4. Sketch a stick figure to represent yourself standing next to the Apollo Lunar Module. Make sure the height of your stick figure is to scale. Show how you determined your height on the drawing.

Student Response

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Student Facing

Are you ready for more?

The table shows the distance between the Sun and 8 planets in our solar system.

  1. If you wanted to create a scale model of the solar system that could fit somewhere in your school, what scale would you use?
  2. The diameter of Earth is approximately 8,000 miles. What would the diameter of Earth be in your scale model?
planet average distance
(millions of miles)
Mercury 35
Venus 67
Earth 93
Mars 142
Jupiter 484
Saturn 887
Uranus 1,784
Neptune 2,795


Student Response

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Anticipated Misconceptions

If students are unsure how to begin finding the actual length of the landing gear or actual height of the spacecraft, suggest that they first find out the length on the drawing.

Students may measure the height of the spacecraft in centimeters and then simply convert it to meters without using the scale. Ask students to consider the reasonableness of their answer (which is likely around 0.14 m) and remind them to take the scale into account.

Activity Synthesis

Invite selected students who measured using a centimeter ruler to share their strategies and solutions for the first two questions. Consider recording their reasoning for all to see. Highlight the multiplication of scaled measurements by 50 to find actual measurements. For example, the height of each leg is about 350 cm because \(50 \boldcdot 7 = 350\)

Discuss whether or how units matter in problems involving unitless scales:

  • Does it matter what unit we use to measure the drawing? Why or why not?
  • Which unit is more efficient for measuring the height of the lunar module on the drawing—inches or centimeters? (Since the question asks for a height in meters, centimeters would be more efficient since it means fewer conversions. If the question asks for actual height in feet, inches would be a more strategic unit to use.)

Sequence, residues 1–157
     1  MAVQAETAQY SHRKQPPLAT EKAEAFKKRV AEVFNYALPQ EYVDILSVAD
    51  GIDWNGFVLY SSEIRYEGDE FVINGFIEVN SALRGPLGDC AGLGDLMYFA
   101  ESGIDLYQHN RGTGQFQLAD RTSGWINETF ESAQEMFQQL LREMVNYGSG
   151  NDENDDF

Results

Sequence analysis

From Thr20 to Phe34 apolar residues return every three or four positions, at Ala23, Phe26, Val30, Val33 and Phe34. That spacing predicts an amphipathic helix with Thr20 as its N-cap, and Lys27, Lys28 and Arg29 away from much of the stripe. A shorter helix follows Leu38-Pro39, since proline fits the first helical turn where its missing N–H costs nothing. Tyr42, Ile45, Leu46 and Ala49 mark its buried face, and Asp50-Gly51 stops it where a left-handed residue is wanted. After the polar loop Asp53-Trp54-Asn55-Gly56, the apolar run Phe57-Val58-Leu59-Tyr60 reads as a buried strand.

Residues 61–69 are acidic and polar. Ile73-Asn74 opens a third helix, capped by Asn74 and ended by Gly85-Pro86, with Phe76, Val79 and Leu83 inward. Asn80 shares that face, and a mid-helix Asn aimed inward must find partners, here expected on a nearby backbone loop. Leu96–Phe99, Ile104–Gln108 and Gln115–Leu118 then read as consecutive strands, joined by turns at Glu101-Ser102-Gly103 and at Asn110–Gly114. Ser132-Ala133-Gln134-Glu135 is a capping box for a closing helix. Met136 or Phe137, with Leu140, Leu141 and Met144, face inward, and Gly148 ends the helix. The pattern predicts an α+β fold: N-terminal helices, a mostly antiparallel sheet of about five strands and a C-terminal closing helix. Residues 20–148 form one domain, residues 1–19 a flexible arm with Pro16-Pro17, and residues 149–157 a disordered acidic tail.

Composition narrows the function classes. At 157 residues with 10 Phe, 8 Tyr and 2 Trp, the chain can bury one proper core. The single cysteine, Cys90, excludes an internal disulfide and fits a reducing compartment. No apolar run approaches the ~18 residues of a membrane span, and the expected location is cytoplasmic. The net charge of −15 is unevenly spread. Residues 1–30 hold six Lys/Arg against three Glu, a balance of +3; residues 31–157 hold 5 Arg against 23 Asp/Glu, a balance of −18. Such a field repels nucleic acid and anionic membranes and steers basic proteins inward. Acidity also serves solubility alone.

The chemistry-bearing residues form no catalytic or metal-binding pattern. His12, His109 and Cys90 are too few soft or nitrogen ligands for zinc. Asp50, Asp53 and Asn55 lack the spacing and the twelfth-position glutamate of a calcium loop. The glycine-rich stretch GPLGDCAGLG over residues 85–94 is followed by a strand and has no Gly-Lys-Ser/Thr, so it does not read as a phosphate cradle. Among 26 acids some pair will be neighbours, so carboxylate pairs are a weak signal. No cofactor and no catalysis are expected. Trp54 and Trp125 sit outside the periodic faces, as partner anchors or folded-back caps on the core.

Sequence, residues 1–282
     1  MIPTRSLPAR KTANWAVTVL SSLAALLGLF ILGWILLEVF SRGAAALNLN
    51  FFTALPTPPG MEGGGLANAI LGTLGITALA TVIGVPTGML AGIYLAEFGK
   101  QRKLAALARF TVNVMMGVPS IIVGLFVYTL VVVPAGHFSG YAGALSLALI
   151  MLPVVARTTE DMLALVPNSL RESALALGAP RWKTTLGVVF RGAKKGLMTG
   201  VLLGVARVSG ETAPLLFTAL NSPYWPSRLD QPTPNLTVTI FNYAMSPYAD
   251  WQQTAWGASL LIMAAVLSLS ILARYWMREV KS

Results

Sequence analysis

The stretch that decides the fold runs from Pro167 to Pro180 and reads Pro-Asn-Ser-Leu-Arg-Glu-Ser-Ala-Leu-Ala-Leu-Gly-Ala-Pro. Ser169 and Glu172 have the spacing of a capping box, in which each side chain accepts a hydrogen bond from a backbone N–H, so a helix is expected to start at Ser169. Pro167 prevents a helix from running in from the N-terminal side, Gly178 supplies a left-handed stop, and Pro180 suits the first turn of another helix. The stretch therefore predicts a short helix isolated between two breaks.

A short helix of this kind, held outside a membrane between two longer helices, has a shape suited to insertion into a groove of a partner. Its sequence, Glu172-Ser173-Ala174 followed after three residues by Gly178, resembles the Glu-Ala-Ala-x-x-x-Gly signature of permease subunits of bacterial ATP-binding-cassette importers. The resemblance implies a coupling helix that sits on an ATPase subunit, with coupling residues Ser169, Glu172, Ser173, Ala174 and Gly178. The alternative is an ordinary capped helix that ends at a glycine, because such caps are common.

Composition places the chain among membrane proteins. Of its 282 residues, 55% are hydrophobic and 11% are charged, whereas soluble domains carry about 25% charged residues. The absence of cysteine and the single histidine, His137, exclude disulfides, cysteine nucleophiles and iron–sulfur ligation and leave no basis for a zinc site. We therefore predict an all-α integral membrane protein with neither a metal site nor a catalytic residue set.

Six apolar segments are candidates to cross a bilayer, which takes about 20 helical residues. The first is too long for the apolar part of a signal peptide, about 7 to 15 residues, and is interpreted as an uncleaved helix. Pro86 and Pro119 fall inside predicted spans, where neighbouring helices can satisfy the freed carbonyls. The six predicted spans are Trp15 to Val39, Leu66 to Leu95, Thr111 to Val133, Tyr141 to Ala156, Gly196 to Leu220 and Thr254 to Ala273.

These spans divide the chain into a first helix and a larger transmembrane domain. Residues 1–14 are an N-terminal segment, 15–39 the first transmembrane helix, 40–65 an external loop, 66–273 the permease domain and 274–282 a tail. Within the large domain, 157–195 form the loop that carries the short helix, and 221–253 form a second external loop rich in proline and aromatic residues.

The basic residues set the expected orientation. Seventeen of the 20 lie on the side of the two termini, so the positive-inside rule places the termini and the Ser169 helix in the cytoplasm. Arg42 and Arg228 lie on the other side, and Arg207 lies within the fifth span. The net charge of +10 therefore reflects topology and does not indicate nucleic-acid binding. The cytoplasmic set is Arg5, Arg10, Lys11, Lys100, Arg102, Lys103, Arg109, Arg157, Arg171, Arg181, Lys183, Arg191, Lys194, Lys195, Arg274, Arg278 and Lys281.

Ask a few other students to share their responses to the last two questions. Select those who gave their heights in different units to share their solutions to the last problem. Highlight that, regardless of the starting unit, finding the length on the scale drawing involves dividing the actual measurement by 50. In other words, actual measurements can be translated to scaled measurements with a scale factor of \(\frac{1}{50}\).

If time permits, consider displaying a photograph of one of the astronauts next to the Lunar Module, such as shown here, as a way to visually check the reasonableness of students’ solutions.

A photograph of an astronaut next to the Lunar Module.
Speaking: MLR8 Discussion Supports. Use this routine to support whole-class discussion. For each response or observation that is shared, ask students to restate and/or revoice what they heard using precise mathematical language. Consider providing students time to restate what they hear to a partner, before selecting one or two students to share with the class. Ask the original speaker if their peer was accurately able to restate their thinking. Call students' attention to any words or phrases that helped to clarify the original statement. This will provide more students with an opportunity to produce language as they interpret the reasoning of others.
Design Principle(s): Support sense-making

11.3: Same Drawing, Different Scales (15 minutes)


In this activity, students explore the connection between a scale with units and one without units. Students are given two equivalent scales (one with units and the other without) and are asked to make sense of how the two could yield the same scaled measurements of an actual object. They also learn to rewrite a scale with units as a scale without units.

Students will need to attend to precision (MP6) as they work simultaneously with scales with units and without units. A scale of 1 inch to 16 feet is very different than a scale of 1 to 16, and students have multiple opportunities to address this subtlety in the activity.

As students work, identify groups that are able to reason clearly about why the two scales produce the same scale drawing. Two different types of reasoning to expect are:

  • Using the two scales and the given dimensions of the parking lot to calculate and verify the student calculations.
  • Thinking about the meaning of the scales, that is, in each case, the actual measurements are 180 times the measurements on the scale drawing.


Ask students: “Is it possible to express the 1 to 50 scale of the Lunar Module as a scale with units? If so, what units would we use?” Solicit some ideas. Students are likely to say “1 inch to 50 inches,” and “1 cm to 50 cm.” Other units might also come up. Without resolving the questions, explain to students that their next task is to explore how a scale without units and one with units could express the same relationship between scaled lengths and actual lengths.

Keep students in the same groups. Provide access to rulers. Give partners 3–4 minutes to complete the first question and another 3–4 minutes of quiet work time for the last two questions.

Representation: Internalize Comprehension. Represent the same information through different modalities by using diagrams. If students are unsure where to begin, suggest that they draw a diagram to help organize the information provided.